A couple years ago, I was referred to a specialist by my family physician. When I visited the specialist, I noticed he was using an electronic health record (EHR) on a desktop computer in the examination room. Throughout the entire visit the specialist stared at the computer screen, not even glancing up when I inquired about my ailment.
On a follow-up visit to my family physician I told him about the impersonal experience and asked why he had yet to digitize his patient health records. He explained that he did not want to jeopardize the relationships he had worked so hard to build over the years and generations. My family doctor went on to explain how the lack of mobility, cumbersome nature and slow speeds of current EHR systems and computing hardware put a barrier between him and the patient. It was a barrier he was afraid would erode the doctor-patient relationship, making him just as impersonal as the specialist.
A Case for Making the Move to iPad and EHRs
Recently I returned to my family physician for a routine exam, and noticed that he was now using EHRs on an iPad2. I was surprised that my doctor of many years, seemingly set in his ways, decided to adopt an ambulatory EHR and iPad tablet technology. Curious as to this move, I quizzed him and he explained that the iPad was the ideal mobile computing hardware solution for which he had been waiting. He said the iPad allows him to maintain eye contact, keeping the all-important doctor-patient bond intact, while letting his fingers do the charting. He went on to explain the iPad’s dizzying number of advantages over its cumbersome, stationary predecessors:
- Portability – The iPad is lighter and thinner than even the smallest laptops, allowing it to be held in one hand – allowing for eye contact to maintain personal relationship with your patient.
- Connectivity – Connect anywhere there is Internet, either through Wi-Fi or a cellular provider.
- Extended battery life – The average battery life of an iPad is about 10 hours on a full charge; long enough for an entire day’s patient flow.
- Rear-facing camera – Now, you can take pictures on the iPad and send those pictures via email, and even to a patient chart with EHRs like MediTouch. The pictures are of a high enough quality, that they can be used for documentation of medical conditions (such as a rash or laceration).
- Ability to draw – Capture images and draw right on them, using your finger to highlight a certain area or condition.
While advice from my family physician has always been good enough for me, there is plenty of independent research to back up my doctor’s points. In fact, according to an article in the AMA News, “One year after Apple launched its first iPad tablet computer, 27 percent of primary care and specialty physicians own an iPad or similar device – a rate five times higher than the general population, according to a report by the market research firm Knowledge Networks.”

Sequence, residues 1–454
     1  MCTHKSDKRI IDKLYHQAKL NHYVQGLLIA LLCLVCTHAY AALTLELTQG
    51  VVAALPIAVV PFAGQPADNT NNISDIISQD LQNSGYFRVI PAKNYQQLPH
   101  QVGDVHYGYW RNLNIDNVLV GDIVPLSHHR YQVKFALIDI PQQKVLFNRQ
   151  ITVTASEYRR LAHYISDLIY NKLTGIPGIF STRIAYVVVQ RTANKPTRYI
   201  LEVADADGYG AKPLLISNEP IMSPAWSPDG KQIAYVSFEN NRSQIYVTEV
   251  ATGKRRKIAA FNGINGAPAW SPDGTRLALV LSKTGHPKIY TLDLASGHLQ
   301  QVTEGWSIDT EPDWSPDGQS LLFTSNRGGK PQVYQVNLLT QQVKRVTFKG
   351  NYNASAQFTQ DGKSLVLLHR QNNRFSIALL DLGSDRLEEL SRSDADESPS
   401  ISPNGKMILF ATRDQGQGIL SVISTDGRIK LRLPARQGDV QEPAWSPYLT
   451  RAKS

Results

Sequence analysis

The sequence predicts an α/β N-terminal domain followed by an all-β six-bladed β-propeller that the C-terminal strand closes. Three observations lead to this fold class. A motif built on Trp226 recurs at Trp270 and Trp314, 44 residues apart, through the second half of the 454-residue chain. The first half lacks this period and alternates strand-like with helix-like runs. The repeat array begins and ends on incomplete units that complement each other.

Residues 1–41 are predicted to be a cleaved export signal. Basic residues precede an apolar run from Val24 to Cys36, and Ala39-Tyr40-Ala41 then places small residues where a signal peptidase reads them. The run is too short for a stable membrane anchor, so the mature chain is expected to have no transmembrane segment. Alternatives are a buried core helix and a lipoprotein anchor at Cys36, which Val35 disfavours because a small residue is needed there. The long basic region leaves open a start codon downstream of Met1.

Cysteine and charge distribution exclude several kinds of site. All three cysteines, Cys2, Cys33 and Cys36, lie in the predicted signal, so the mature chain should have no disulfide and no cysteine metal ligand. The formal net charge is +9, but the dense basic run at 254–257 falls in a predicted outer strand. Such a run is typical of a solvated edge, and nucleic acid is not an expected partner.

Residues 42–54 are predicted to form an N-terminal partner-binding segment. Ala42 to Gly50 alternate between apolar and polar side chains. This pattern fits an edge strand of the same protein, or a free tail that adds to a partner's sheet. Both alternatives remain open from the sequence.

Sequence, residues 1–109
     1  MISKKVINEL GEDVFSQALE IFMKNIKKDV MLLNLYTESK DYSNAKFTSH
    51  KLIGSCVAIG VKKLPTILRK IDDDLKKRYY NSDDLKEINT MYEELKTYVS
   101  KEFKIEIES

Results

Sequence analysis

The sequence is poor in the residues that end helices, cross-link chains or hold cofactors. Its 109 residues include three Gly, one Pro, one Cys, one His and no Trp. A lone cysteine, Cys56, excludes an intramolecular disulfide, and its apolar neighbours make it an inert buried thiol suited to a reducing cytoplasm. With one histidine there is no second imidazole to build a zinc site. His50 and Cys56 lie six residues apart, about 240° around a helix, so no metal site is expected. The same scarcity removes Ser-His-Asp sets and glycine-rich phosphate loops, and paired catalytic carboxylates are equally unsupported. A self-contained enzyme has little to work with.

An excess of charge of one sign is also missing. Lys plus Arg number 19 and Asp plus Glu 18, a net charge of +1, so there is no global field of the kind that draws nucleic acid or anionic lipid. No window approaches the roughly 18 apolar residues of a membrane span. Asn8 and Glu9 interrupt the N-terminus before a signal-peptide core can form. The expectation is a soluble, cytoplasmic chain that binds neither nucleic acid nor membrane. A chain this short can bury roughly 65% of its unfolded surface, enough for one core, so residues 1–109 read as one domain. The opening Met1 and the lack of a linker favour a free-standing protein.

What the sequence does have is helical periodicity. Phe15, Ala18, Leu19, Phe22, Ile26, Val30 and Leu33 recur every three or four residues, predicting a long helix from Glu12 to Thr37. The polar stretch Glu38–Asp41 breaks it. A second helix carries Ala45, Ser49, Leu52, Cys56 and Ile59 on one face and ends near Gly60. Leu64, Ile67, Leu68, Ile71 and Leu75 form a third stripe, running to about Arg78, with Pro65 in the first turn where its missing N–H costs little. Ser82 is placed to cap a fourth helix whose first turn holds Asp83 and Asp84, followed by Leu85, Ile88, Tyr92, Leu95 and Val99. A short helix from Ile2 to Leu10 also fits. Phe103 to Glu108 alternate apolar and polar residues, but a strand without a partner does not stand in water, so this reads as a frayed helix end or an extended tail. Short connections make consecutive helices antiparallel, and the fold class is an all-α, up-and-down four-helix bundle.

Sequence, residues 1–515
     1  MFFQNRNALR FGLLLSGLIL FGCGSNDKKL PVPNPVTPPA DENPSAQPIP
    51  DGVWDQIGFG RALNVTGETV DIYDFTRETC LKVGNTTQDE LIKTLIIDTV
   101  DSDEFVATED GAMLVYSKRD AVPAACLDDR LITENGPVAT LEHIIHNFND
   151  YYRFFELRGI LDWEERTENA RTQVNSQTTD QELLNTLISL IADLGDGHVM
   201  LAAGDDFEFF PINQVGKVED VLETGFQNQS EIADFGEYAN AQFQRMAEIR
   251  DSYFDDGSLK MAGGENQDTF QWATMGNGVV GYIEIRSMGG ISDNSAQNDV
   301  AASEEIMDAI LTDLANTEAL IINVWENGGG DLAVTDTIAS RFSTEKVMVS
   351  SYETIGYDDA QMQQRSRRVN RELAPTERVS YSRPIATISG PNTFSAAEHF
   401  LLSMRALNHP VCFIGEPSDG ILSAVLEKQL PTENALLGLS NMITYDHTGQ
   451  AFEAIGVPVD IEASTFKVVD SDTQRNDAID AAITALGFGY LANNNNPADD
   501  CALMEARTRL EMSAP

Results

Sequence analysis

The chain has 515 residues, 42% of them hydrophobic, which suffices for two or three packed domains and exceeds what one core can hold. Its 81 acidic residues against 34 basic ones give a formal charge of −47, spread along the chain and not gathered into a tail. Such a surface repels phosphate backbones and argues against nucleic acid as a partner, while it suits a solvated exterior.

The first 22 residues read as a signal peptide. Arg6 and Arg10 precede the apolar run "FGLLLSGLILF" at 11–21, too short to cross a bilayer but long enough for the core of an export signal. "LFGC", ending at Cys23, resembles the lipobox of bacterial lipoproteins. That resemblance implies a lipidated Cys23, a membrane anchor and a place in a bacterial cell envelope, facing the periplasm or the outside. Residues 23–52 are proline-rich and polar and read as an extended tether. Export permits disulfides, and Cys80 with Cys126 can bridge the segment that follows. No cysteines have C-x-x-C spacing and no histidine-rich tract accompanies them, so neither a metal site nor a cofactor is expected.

More Development Needed to Fully Realize iPad Advantage
While some may contend that the combination of EHR and iPad adoption is purely coincidental, they should consider the lack of enthusiasm for current, non-mobile computing solutions in the healthcare industry. According to C. Peter Waegemann, vice president for development at mHealth Initiative, “various studies have found that between 60 percent and 80 percent of health information technology users in hospitals are unhappy with their computer systems, finding them too cumbersome or slow to use.”
In fact, a recent study, authored and conducted by QuantiaMD (an online physician-to-physician learning collaborative) – the overwhelming majority of physicians are charting on a mobile tablet, or believe it is likely they will be charting on a mobile tablet in the future.
Source: © 2011, Quantia Communications, Inc.
Tablet technology, like the iPad, is the obvious answer to replace outdated and cumbersome stationary hardware. However, even the iPad is useless unless the EHR software it’s running is designed, built, and optimized specifically for the iPad.
However, according to Software Advice, the majority of the most prominent EMR products can only display their software on the iPad over a network using slow-running, remote access software (think of running your EMR through webinar software like Webex or Go-To-Meeting). The EMR application is not actually running on the iPad or the iPad browser. Instead, the remote access application is allowing you to view the application, as if you were at a desktop or laptop. This approach allows physicians to access their old-fashioned, EMR but the experience is slower and not optimized for iPad use and fingertip touch.
To fully realize the potential of the iPad in healthcare, it will take the continual development and evolution of technology. This includes adoption of software created specifically for the iPad, which is also cross compatible with other computing hardware. As new cloud-based EHR applications emerge on the scene, such as the MediTouch EHR, we can more fully realize the iPad's opportunity to transform the healthcare industry to bring a new level of service and convenience to physicians and their patients.
Thumbnail image created by Blake Patterson